There is some validity to the concerns for additional drift damage with expansion of usage. Damage from spay drift is more common than damage associated with vaporization of the herbicide. Changing the formulation will not prevent droplet movement. Prevention of damage from spray drift can only be addressed through improving the technology, habits, knowledge and skills of spray applicators. These things are, in part, beyond the reach of herbicide and trait suppliers, but they can make a contribution. For example, BASF is “partnering with Wolf Consulting & Research to launch the On Target Application Academy, a one-of-a-kind, hands-on series of education training programs for growers. 6
The availability of the improved formulations will not completely determine the choice of herbicides which get applied. In some cases generic dicamba will get used with generic roundup and applied to Roundup Ready 2 Xtend beans. But we as a society did not ban steam locomotives in the 1800s because sparks from steam locomotives could cause crop fires. Nor did we as a society make locomotive makers responsible for fires caused the steam locomotives operated by the Union Pacific Railroad as it passed through the wheat fields of Nebraska. As Ronald Coase pointed out it, makes sense in regulation to make the party which will have the lowest transaction costs in solving the problem responsible for damage. In this case the people who can best prevent volatilization and drift problems are the sprayer operators. It seems reasonable to assign responsibility for damage to them.
The challenge is to keep the focus on solving the weed problem.
Image from NC State University, Perspectives Online, Cotton versus Monster Weed, Nancy Hampton
Where the herbicide suppliers make a contribution by making a safer product or contributing to training and the spread of good operator practice, they deserve the collective appreciation of those involved in the agriculture using their products. They cannot be held responsible for all the new problems associated with new products, especially when others get a big share of the benefits from the use of the new products. This is not a popular position with the new agrarians and others who would like to make the choice of society’s technology a collective moral choice to be made before the technology is approved.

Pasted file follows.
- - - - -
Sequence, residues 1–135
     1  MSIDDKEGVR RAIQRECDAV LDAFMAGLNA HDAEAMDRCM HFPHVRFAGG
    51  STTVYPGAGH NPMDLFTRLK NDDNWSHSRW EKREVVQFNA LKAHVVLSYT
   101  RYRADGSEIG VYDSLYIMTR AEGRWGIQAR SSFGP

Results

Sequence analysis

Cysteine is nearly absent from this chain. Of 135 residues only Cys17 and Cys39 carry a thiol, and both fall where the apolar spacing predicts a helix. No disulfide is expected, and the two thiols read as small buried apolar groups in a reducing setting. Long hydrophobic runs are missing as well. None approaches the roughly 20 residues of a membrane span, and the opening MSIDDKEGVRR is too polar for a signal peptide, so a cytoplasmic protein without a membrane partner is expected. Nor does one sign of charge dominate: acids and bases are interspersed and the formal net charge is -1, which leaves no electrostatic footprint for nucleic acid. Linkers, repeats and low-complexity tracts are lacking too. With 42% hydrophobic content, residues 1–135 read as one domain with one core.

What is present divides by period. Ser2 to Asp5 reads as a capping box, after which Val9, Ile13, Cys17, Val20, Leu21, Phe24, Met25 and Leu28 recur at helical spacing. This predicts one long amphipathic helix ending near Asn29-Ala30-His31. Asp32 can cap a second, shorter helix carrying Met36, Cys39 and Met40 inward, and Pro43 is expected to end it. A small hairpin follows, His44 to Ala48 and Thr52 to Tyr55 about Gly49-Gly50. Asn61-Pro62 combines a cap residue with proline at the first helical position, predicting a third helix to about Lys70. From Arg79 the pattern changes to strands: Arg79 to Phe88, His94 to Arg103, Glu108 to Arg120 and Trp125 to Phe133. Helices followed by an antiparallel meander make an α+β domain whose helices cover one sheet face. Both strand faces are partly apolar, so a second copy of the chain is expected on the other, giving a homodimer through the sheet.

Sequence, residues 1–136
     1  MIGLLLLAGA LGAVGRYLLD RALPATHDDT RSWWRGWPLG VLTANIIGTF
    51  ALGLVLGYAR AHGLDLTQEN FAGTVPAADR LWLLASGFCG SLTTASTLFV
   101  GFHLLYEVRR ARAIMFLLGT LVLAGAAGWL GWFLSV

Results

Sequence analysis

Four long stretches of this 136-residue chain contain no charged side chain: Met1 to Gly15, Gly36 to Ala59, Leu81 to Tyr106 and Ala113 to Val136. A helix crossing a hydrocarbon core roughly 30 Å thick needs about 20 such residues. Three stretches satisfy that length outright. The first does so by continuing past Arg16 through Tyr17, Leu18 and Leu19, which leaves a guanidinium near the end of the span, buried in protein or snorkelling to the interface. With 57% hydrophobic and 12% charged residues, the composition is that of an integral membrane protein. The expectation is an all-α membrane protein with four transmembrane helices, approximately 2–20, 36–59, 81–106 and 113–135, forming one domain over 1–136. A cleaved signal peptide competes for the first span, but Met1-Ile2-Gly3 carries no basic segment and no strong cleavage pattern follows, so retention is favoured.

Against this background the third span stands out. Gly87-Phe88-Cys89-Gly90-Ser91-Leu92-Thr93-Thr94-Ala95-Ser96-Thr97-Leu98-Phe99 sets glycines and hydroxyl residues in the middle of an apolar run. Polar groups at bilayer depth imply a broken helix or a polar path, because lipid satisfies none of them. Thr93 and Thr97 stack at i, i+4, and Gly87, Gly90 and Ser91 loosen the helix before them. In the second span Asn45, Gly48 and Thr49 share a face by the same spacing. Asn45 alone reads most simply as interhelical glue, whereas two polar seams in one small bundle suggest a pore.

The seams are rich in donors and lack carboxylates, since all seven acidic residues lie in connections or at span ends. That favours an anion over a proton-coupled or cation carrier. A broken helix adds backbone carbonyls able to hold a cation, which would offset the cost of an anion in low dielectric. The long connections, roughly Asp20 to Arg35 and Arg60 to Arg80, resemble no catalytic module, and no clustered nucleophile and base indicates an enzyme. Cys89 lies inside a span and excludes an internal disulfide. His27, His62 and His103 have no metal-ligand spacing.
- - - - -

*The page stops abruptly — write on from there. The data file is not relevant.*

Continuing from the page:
The commercial development of new herbicide resistance involves a certain amount of coordination between the herbicide makers and the trait developers in the seed business. Here is an example of that sort of cooperation.
2 BASF Outlines Strategies To Manage Resistant Weeds, BASF news release, March 2, 2012
3 BASF and Monsanto Formalize Agreement to Develop Dicamba-Based Formulation Technologies, Monsanto and BASF press release, January 20, 2012
4 ADVANCEMENTS IN DICAMBA FORMULATION. W. Xu1, T. M. Cannan2, C. W. Finch2, G. Schnabel3, M. Bratz*3, S. J. Bowe1, C. L. Brommer4; 1BASF Corporation, Research Triangle Park, NC, 2BASF Corporation, RTP, NC, 3BASF SE, Limburgerhof, Germany, 4BASF, Raleigh, NC (329). Abstract.
6 6 BASF Outlines Strategies To Manage Resistant Weeds, BASF news release, March 2, 2012
Seed Key Words:
Seed, Monsanto, BASF, seed business, science, business, herbicide, weed, resistance, dicamba, volatility.